To Infinity and Beyond – Or At Least to Savings

Space: the final frontier. When you look into the night sky, up at the stars, you can’t help but dream of exploration. A trip to the moon. A map of the constellations. A ride on a solar flare.

 

But in 2011, NASA changed the space game: they terminated the space shuttle program. But that didn’t mean they wanted to give up exploration -- they just needed to do it differently and cheaper.

 

To answer that challenge, Alan Lindenmoyer created a new way for NASA to partner with the private sector to build rockets and spacecraft at a dramatically reduced cost to taxpayers. For his work, Lindenmoyer a Program Manager, Commercial Crew and Cargo Program, has been named a finalist for the Service to America Medals (Sammies) – the Oscars for federal employees.

 

Lindenmoyer told Chris Dorobek on the DorobekINSIDER program that finding the balance between the government and private companies was difficult, but very rewarding in the end.

 

 

In 2004, President Bush gave NASA a vision to explore. “The plan was to get back to the moon and to explore deeper into space than we ever have before,” said Lindenmoyer. “But to do that, we had to retire the space shuttle. We simply could not afford to operate the space shuttle and develop our new vehicles to take us further into space.”

 

“Tapping into his broad NASA experience in both technical engineering and contract management for the International Space Station, Lindenmoyer designed and managed a novel program that allows NASA to contract for orbital transportation services rather than purchase the space vehicles,” according to a release by the Partnership for Public Service,the organization behind the Sammies.

 

“We have been very actively engaged in bringing our astronauts, crew and cargo to the space station for over a decade now,” Lindenmoyer said. “Now it’s time to see growth in the commercial space transportation industry. We hadn’t seen the growth that we saw in the early years of aviation or the early days of the transcontinental railroad. But when the government applied very careful strategic investments, then those industries grew into the great capabilities that we have today.”

 

When NASA made the transition away from the space shuttle in 2011, many insiders were skeptical. But Lindenmoyer wasn’t surprised the agency was willing to take the risk. “NASA’s strategy is based on being pioneers. We are always working to trailblaze a path to achieve difficult accomplishments in space. Now we’ve opened up the door for commercial industry to follow us into space and take over some capabilities.”

 

Rather than do the traditional approach, of writing very detailed requirements and specifications, and then hiring a prime contractor to go build those capabilities, Lindenmoyer activated Space Act Agreements—transaction authority that the agency possessed. NASA used these agreements to stimulate the commercial space industry to develop and demonstrate space transportation capabilities, a chief NASA goal for the crew and cargo program. “We decided that we would like to see American ingenuity and innovation,” said Lindenmoyer. “The Space Act Agreements allowed us to craft the terms and conditions so that they were very commercial friendly and gave the companies a lot a flexibility.”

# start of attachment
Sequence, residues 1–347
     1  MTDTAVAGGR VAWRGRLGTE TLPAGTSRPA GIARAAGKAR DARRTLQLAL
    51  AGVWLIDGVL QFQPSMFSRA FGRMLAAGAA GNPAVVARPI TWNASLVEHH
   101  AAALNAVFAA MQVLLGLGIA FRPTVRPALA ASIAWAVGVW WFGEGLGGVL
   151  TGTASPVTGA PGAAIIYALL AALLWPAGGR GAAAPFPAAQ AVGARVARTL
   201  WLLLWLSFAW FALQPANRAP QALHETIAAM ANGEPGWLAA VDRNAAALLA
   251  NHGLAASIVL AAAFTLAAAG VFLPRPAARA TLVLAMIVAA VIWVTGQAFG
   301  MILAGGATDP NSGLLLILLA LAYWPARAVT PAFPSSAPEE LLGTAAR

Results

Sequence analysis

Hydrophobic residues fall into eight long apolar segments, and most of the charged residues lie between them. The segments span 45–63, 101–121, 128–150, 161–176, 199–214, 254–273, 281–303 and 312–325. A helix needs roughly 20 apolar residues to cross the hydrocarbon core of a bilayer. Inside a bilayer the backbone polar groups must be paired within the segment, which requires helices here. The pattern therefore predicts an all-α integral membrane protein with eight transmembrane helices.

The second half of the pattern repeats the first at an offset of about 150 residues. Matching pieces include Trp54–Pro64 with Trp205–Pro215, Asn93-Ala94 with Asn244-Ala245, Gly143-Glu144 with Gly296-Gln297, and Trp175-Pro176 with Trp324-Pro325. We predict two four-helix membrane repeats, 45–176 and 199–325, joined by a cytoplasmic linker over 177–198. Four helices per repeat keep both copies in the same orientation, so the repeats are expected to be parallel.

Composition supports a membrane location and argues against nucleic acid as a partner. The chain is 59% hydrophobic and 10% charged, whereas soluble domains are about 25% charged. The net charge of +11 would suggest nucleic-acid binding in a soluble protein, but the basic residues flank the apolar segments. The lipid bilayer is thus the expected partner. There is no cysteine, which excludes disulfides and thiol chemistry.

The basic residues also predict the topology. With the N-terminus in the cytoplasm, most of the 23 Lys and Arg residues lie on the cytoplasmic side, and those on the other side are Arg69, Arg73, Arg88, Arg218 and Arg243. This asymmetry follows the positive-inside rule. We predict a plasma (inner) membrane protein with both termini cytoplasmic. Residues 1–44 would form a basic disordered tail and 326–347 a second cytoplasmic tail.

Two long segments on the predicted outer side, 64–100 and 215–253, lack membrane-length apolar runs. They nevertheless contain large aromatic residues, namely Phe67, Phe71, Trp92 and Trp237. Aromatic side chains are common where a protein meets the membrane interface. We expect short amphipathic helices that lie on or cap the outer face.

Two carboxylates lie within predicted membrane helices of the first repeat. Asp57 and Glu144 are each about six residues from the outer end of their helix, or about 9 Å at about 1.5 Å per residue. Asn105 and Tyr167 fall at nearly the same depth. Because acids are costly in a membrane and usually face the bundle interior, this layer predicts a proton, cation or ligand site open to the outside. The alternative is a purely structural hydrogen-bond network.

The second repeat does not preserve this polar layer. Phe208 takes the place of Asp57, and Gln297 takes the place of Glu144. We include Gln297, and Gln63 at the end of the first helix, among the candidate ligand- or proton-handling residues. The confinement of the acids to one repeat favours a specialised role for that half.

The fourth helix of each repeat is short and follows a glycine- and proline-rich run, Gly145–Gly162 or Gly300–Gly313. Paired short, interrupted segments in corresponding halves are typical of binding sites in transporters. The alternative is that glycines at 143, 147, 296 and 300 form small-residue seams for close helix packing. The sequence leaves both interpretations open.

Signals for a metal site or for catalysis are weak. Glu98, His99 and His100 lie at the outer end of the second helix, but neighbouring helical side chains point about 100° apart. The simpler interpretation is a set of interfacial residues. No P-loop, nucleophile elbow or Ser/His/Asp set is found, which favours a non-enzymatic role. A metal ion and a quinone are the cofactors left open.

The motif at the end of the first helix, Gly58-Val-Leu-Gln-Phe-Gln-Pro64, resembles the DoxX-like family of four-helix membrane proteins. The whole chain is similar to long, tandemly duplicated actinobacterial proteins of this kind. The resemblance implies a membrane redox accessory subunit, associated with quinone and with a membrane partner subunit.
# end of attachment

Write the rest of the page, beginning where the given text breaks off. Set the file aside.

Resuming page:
To get the job done, Lindenmoyer created a “Brain Trust” team of 10 people and in just four months issued requests for proposals. PPS noted, “NASA had $500 million to invest in the companies’ endeavors—far less than the typical billions spent on new vehicles.”

 

“We are not owning and operating these space craft. We wanted to become a consumer of services, rather than a customer for requirements,” Lindenmoyer said. “So we set up from the beginning to be able to just purchase these services off the shelf. In fact, that’s sort of where we got the name of our program, “Commercial Orbital Transportation Services” – which is also synonymous with off the shelf. Meaning, at some point we’d like to go to the internet, order up some space transportation services, just like we can do today with sending cargo around the world.”

 

One of NASA’s contracts went to Elon Musk, the founder of SpaceX. Musk just announced their latest spacecraft is designed to carry astronauts to the International Space Station, and eventually — Musk hopes — far beyond.

 

“SpaceX was one of our partners that we selected in our program back in 2006. What started out as some simple concepts and sketches became an operational space transportation system that we’re using today to sustain the operation and research of the space station,” said Lindenmoyer.

 

Space has always been for dreamers, and for Lindenmoyer, space has been his playground for 32 years. “I have the best job in the world. Working for NASA is so exciting. I worked for the space station for close to 20 years, the design and development and assembly of the station, so I had pretty good idea of both the engineering as well as the business management side of operating such a complex vehicle in space. I think that set me up well for creating this new way a doing business. It certainly was the most exciting work I’ve had in all my time at NASA.”

 

So what would Lindenmoyer’s advice be for the next generation of space explorers? “Always keep your goals high, keep working hard and look for efficient and innovative ways to get your job done. The recognition will come if you do your job well.”

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